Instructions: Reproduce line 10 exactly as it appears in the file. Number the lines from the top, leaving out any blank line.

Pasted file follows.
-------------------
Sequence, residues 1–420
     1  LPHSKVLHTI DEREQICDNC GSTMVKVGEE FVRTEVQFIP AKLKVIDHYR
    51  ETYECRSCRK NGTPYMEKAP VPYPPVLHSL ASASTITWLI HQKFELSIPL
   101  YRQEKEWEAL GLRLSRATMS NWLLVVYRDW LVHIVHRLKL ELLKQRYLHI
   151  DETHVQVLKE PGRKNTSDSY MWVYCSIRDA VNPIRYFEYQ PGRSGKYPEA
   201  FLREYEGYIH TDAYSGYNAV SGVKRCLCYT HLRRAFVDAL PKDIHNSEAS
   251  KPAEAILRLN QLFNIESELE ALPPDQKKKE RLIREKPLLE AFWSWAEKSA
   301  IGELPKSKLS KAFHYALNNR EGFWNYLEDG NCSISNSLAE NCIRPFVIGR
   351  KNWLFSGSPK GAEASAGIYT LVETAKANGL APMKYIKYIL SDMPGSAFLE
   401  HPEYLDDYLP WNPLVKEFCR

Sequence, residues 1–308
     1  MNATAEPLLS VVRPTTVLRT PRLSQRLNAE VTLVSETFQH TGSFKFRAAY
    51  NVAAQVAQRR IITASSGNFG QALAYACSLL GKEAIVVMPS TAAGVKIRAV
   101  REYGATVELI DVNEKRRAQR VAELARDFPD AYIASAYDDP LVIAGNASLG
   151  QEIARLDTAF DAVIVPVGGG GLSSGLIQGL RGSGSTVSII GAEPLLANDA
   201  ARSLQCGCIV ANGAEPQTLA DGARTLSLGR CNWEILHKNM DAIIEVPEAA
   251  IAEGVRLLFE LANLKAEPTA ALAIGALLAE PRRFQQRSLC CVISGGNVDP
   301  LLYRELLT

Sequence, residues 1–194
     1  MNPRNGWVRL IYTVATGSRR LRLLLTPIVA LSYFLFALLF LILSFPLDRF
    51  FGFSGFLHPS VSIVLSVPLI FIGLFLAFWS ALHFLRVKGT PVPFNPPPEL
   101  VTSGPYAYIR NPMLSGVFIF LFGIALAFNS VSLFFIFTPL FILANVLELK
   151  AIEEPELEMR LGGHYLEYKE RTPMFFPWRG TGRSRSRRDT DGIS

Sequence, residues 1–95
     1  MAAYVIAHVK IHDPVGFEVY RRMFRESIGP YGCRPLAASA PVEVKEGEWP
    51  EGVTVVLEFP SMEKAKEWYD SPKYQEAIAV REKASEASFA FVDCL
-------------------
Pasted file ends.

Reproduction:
   401  HPEYLDDYLP WNPLVKEFCR